Home How Tech Companies Build a Culture of Productivity

How Tech Companies Build a Culture of Productivity

by Samantha Kalany

Estimated reading time: 3 minutes

In the last week of July 2022, Google execs met with employees to share the company’s plan for dealing with a tough economy. Similar meetings could have taken place among execs and employees at any number of tech companies feeling the effects of a bear market, reorganizing after layoffs, and communicating vital objectives. For Google, a big part of the strategy is increasing the tech company’s productivity – or, more importantly, building a long-lasting culture of productivity.

CNBC reports that Google CEO Sundar Pichai explained to employees at the meeting that productivity isn’t where it needs to be with the company’s headcount.

How Google Is Planning to Increase the Tech Company’s Productivity

Once Google execs outlined the company’s challenges, they proposed solutions for increasing the tech company’s productivity. Their model is one that any tech company could follow or borrow from to do more with limited resources during uncertain economic times. Some of the measures Google plans to take to encourage a culture of productivity include:

  • Employee input

Google is launching an initiative called “Simplicity Sprint,” asking its 174K+ employees for ideas on how to enhance product development and operational efficiency. Borrowing from the concept of an Agile sprint, Google asked employees to share ideas over about two weeks by completing a survey to share impressions and ideas.

Whether you organize a sprint or choose another method, collecting employee feedback and letting employees know you value their input is important. People closest to workflows often have the best insights on how to improve them. It’s common, however, for employees to have some reservations about speaking up, so ensure they know all honest input, good and bad, is welcome. Employee input can also positively impact your business by increasing employee engagement. When employees know they’re heard and their input can help change things for the better, they’re likely to find more satisfaction in their work. Gallup research found that companies that encourage regular employee feedback can reduce turnover by about 15 percent.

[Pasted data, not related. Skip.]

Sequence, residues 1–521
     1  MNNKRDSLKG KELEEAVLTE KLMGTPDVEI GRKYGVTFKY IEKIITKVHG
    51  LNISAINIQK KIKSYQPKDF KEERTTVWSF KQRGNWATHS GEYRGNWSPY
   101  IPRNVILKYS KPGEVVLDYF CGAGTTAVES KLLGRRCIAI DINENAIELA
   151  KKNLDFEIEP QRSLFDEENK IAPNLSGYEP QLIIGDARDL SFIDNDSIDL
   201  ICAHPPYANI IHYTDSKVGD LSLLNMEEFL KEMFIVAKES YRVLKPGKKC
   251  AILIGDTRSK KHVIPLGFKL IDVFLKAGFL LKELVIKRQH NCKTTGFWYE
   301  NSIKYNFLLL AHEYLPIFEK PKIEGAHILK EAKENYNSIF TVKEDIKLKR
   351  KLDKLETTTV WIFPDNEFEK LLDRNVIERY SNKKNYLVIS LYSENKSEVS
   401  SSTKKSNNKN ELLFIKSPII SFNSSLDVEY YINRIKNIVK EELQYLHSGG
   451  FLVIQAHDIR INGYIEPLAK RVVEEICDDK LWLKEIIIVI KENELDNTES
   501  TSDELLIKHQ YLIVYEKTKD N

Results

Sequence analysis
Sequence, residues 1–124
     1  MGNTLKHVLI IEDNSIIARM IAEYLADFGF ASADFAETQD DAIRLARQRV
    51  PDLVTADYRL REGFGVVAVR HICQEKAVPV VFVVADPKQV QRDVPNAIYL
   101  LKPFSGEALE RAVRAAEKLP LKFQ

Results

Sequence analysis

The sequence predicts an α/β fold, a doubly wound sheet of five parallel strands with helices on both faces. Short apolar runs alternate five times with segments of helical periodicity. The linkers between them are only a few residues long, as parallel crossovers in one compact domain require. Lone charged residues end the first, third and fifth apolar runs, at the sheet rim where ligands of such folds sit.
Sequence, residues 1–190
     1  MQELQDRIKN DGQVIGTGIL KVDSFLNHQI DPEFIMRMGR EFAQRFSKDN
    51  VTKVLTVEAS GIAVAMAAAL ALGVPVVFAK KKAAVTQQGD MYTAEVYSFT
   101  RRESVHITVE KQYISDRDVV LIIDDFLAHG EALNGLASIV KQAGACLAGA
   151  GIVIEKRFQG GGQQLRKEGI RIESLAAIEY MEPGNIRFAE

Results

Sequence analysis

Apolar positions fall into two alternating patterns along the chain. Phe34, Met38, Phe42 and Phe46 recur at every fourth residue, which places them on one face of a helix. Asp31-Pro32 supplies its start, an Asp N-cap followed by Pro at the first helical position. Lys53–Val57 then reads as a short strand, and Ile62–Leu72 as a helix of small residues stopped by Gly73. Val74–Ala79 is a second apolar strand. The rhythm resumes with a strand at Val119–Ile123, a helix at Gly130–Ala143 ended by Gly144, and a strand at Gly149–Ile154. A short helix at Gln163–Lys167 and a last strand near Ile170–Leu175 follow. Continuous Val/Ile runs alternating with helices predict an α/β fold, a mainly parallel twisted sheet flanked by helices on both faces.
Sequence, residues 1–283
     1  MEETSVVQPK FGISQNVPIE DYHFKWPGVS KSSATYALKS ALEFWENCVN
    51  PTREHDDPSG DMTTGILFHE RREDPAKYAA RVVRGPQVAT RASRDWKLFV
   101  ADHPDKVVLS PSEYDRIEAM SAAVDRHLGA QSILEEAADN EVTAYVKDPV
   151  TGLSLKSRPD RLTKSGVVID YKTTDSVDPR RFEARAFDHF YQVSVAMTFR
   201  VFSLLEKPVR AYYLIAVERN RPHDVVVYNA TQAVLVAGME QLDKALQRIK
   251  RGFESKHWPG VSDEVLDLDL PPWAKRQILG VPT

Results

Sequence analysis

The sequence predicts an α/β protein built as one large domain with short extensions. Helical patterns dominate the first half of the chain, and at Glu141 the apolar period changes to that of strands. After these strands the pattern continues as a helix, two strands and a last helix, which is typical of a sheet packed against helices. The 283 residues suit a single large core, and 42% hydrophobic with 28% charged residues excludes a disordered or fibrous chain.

• Mission Focus

Building strong teams and clearly defining goals can lead to an increase in productivity. Trello shares some tactics it uses to create. This data-driven approach gives employees autonomy, putting faith in them and their expertise. It’s necessary to break down silos between departments that may have existed in more traditional management models, enabling multidisciplinary teams to work together as needed to complete their “mission.”
Business leaders must support mission-driven teams with collaboration tools and easy access to the data and insights they need. Also, remain flexible as team members discover more effective ways of completing their work or adding team members with different skills.

  • Customer Experience

A ReadWrite blog points out that “productivity and customer experience go hand-in-hand.” The best customer experiences are more than thorough and personalized. They’re also efficient and well-timed. To deliver those experiences, teams must achieve a high level of productivity. It’s important to remember that increasing productivity doesn’t always mean employees have to put their noses to the grindstone. Productivity can also mean working smarter, leveraging tools to automate processes and streamline workflows to improve customer experiences.

Delivering great customer experiences and increasing customer satisfaction can also boost employee morale – and happy employees are more productive. Research at the University of Warwick found that happy people are 12 percent more productive than their less joyful peers. This is an area in which Google excels; Warwick researchers cite their ability to increase employee satisfaction by 37 percent by investing in employee support.

What Google Isn’t Doing

Even though growth slowed, Google assured employees that there would be no layoffs at this time. Layoffs impact organizations in several ways, including increased turnover, either because of lower morale or added pressure from a heavier workload due to fewer people on the team. Layoffs can also lead to customer churn, particularly if clients’ contacts are no longer with the company. They can also send a message that a company is in trouble, which may prompt them to look for other tech providers. Overall, a layoff often has adverse effects rather than help build a culture of productivity.

Always Make the Most of What You Have

Whether your company is rallying the troops to turn around declining metrics or if you are looking for ways to strengthen your market position, building a strategy to increase productivity is a wise move. Keep your eyes on the industry, learn from other companies with plans to increase tech productivity, and work toward maximizing output and performance.